12 Ways to Wear Long Hair Again at 50+
Styling tips to make longer locks a crowning glory
by Lois Joy Johnson, AARP, September 16, 2021
En español | Some of us have been long-hair fans from middle school to Medicare. Other women over 50 who’ve bounced from bobs to pixies to shags have now joined the long-hair club. Well-meaning hair stylists tell us an “age appropriate” cut will look thicker and healthier. We’re not buying it. Not when long hair makes us feel sassy, spirited and sexy. So, here’s the problem. How do you wear long hair when it has gone thinner, drier and grayer, and lost its zing? These 12 tips will make “long hair, don’t care” your favorite expression.
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1. Consider going shoulder length
Not everyone can do a “Rapunzel” look with ultra-long hair at 50. Yes, Demi Moore, Christie Brinkley and Sofia Vergara (see tip number 11) can, but let’s not get into the whole celebrity does-she-or-doesn’t-she extension discussion. For lots of us the most practical long length is sweeping the shoulders or an inch below … like a lob (long bob) that’s overgrown. It’s long enough to feel long, pull back or wear up, but short enough to not get stringy at the ends. If your hair is thin, thinning or fine this is one of the best ways to keep it long. It looks modern worn casually and undone or amped up with products and tools for extra waves, curls or volume. You can’t lose.
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2. Snip in bangs for an update
Let’s be honest, the vertical frame of long hair can sometimes drag down an aging face, emphasizing droopy lids, a saggy jawline or deep nose-to-mouth creases. Cutting a full fringe is an immediate game changer. The strong horizontal line of bangs brings the focus straight to our eyes while camouflaging forehead lines, skimpy misshapen brows and the vertical furrows between them (known as “the elevens”). Aside from all the above, bangs not only give ordinary long hair of every length a statement look, but also help your face look “dressed” even on days when your hair is pulled back or up. Who’d say no to that?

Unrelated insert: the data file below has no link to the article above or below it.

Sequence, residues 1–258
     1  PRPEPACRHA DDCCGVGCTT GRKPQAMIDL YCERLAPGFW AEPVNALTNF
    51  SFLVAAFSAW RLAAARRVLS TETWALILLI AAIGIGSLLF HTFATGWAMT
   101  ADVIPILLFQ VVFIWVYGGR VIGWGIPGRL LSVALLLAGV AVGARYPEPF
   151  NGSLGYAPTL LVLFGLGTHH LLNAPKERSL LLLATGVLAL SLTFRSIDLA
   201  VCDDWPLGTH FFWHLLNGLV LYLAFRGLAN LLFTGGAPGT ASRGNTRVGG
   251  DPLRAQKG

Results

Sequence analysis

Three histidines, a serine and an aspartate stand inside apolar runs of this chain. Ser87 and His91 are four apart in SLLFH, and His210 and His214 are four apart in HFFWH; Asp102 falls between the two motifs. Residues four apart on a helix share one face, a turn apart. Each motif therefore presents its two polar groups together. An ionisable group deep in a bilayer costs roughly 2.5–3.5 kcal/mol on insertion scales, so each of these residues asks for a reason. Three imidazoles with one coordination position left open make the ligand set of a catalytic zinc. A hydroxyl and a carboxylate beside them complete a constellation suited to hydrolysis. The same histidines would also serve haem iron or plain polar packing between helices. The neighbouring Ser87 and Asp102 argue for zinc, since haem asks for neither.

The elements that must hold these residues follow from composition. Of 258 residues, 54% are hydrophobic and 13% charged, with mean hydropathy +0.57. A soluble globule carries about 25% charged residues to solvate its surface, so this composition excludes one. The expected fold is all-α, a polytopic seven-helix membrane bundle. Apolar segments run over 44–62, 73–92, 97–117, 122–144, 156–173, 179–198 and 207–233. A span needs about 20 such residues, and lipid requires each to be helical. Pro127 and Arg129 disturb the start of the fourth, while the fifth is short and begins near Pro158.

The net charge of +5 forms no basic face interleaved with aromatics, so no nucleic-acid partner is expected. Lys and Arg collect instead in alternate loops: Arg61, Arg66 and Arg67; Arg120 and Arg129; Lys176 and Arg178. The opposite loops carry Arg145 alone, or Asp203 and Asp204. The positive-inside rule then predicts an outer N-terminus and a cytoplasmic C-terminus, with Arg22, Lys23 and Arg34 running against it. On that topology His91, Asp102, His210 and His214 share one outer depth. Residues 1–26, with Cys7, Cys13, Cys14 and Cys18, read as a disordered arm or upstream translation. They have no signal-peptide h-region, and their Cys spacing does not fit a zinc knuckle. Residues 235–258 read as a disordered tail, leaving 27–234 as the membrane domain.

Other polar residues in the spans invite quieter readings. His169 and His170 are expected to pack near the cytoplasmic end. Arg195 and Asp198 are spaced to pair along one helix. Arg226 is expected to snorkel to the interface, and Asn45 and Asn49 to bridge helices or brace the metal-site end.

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3. Add highlights to boost color and thickness
Two common hair problems at 50-plus — thinning and dull, drab color — sometimes make us think twice about going long. Problem solved! Just adding warm highlights to any color makes an immediate difference. Whether you opt for a classic foil technique or brush on balayage streaks, highlights add “dimension,” as stylists say. Here’s why. The tone-on-tone effect creates the illusion of width and volume — just the way stripes do in clothing — while the color coats the hair for a physically fatter texture. Highlighted long hair tends to look thicker, healthier, more glowing. Instead of a full head of highlights, try one these three lower-maintenance options: You can add a few “lights” just around the face, opt for low-contrast highlights not too far from your base color, or ask for ombré color that melts from darker at the roots to lighter toward the ends.
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4. Vary the part
Some women part their hair the same way every day. Nothing wrong with that, but flipping the part from one side to the other or from side to center is a good idea. It provides instant lift at the roots and hairline, and prevents a flat look … and a thinning part. In general, middle parts are hard to wear at 50-plus (unless you have bangs) since the straight down-the-center line emphasizes asymmetries in face shape and features (a natural part of aging, for sure, but who needs that?). Instead, go slightly off-center or zigzag the center part instead of an arrow-straight line. Side parts are always sexy thanks to the swoop of hair they create, and they add oomph at the crown. Change is good.